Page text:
A more reliable method of identifying SCN is soil tests. Soil tests can be done at any time of year, but after harvest is probably best and easiest. “Not only are you more likely to detect SCN with a soil sample, you will also have a baseline level that in future you can measure against to see if your management efforts are effective or not,” said Wilson.

Where to soil sample?

Anything that moves dirt, moves SCN, so it’s a good idea to take a core or two at field entries, along fencelines (especially if using tillage that could cause soil to blow and be deposited in these areas), or in high-traffic areas. Farmers should also take samples along creeks or flooded areas or low areas of the field where water pools and can increase the concentration of SCN eggs. Areas with unexplained poor yields, or with SDS or BSR should also be sampled. Because SCN can be highly variable across the field, it’s important to take samples from different areas of the field.

It’s best to take 15 to 25 cores per sample at a depth of six to eight inches deep and to try and sample through the plant roots. Farmers can randomly sample the whole field or sample problem areas separately, taking samples from non-problem areas as well for comparison.

Sampling can be done at any time, but Wilson suggests it may be a good idea to ask the agronomist or field scout who is out scouting or pulling fertilizer soil samples for next year’s fertilizer recommendations to take some additional samples to test for SCN.

In fall, after harvest is a typical time to do these samples, but SCN is easier to detect if there hasn’t been any tillage done, and it’s important to sample right under the crop row to penetrate the root system. Sampling after any crop that soybean is going to follow the next year can give farmers an idea of whether they should choose a resistant soybean variety.

Testing should be done again after six years whether the field is infested or not. “If the field is not infested, and you test again in six years, you will probably still be able to catch it when numbers are low and it’s still easier to manage,” said Wilson. “If you sample and it’s positive and you know the egg count, six years later it’s important to sample again at the same time of year and following the same crop because levels will vary throughout growing season and vary if it follows a different crop.”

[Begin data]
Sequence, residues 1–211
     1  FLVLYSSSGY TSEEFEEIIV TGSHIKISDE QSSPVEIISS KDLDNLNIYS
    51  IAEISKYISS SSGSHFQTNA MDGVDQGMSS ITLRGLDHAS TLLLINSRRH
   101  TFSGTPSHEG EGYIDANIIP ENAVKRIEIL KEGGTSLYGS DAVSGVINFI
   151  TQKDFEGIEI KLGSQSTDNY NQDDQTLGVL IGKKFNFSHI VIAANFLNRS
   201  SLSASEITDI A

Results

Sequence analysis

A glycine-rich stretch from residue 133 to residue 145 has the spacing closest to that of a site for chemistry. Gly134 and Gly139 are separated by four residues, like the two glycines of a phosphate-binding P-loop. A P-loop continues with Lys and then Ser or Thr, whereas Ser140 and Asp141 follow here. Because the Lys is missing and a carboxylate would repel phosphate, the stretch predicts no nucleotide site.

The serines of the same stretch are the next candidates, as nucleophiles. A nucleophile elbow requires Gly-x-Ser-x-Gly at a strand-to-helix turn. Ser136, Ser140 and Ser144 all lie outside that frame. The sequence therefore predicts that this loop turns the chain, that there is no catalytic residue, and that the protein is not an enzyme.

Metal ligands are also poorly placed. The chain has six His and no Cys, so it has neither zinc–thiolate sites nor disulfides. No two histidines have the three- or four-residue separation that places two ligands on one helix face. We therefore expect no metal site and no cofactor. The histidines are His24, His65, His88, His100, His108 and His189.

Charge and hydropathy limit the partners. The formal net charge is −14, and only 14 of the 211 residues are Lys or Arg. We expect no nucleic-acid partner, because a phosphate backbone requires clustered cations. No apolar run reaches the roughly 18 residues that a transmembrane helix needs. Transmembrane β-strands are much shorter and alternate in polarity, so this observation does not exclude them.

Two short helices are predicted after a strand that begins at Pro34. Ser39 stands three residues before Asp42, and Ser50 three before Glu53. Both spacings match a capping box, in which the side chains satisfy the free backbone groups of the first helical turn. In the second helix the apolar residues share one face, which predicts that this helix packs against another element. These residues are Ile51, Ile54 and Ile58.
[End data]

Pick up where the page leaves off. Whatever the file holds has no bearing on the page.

If the farmer hasn’t grown the same crop in year six, he or she should wait another year or two until they have and then sample for SCN again. In Manitoba, soil samples can be sent to Dr. Mario Tenuta at the University of Manitoba or AgVise Laboratories to test for SCN.


Rotating with other non-host crops can help reduce and maintain low egg numbers in the soil. Normally, anything that farmers grow in Manitoba is not a host for SCN including sorghum, small grains, corn, alfalfa, and most legumes. Dry edible beans, though, are a host for SCN, as are some weeds like stinkweed, common chickweed, shepherd’s purse, wild mustards, henbit and purslane.

The biggest reduction in SCN occurs the first year following soybean and declines more slowly in subsequent years, so the longer the rotation, the better it is to reduce SCN numbers.

It’s also important to rotate the sources of genetic resistance in the resistant varieties farmers grow. Most seed companies offer some choices and the 2020 Manitoba seed guide lists 24 out of 68 varieties that offer SCN resistance, but it may be necessary to find out the source of the resistance from the seed dealer.

There are a number of sources of SCN resistance, and the most common one – PI 88788, which is found in 98 per cent of resistant varieties commercially available is very good but is starting to show signs of breaking down, which is why rotating the source of resistance is crucial.

Research is showing that the populations of SCN reproducing on PI 88788 varieties have started to increase over the last few years, although not as much as they would on a susceptible variety.

Other sources include Peking (PI 548402) and Hartwig (PI 437654), both of which offer excellent resistance, but Hartwig does have some yield-limiting characteristics.


Cleaning equipment before moving it between fields is important to keep SCN out of non-infested fields but farmers aren’t likely to want to stop to pressure wash their equipment halfway through seeding or harvest. Wilson advises that farmers do all field operations – seeding, planting, tilling and harvesting in infested fields last.

Many of the weedy hosts for SCN grow as winter annuals, so it’s vital to control them as a priority in fall or early spring. “Since winter annuals emerge and grow before soybean, controlling them could reduce one generation of SCN during the growing season,” said Wilson.

Research at the University of Nebraska compared the effect of using resistant and susceptible varieties on 29 SCN-infested fields in a corn/soybean rotation, and although the effect on yield wasn’t consistent, the effect on SCN reproduction was. At all 29 sites, sampled in spring and fall, there was an 18 per cent reduction in egg numbers where they had planted resistant varieties, while fields that had susceptible varieties had almost a 300 per cent increase in SCN populations.

“Once you have SCN in a field, we do not recommend planting a susceptible variety in there at all,” said Wilson.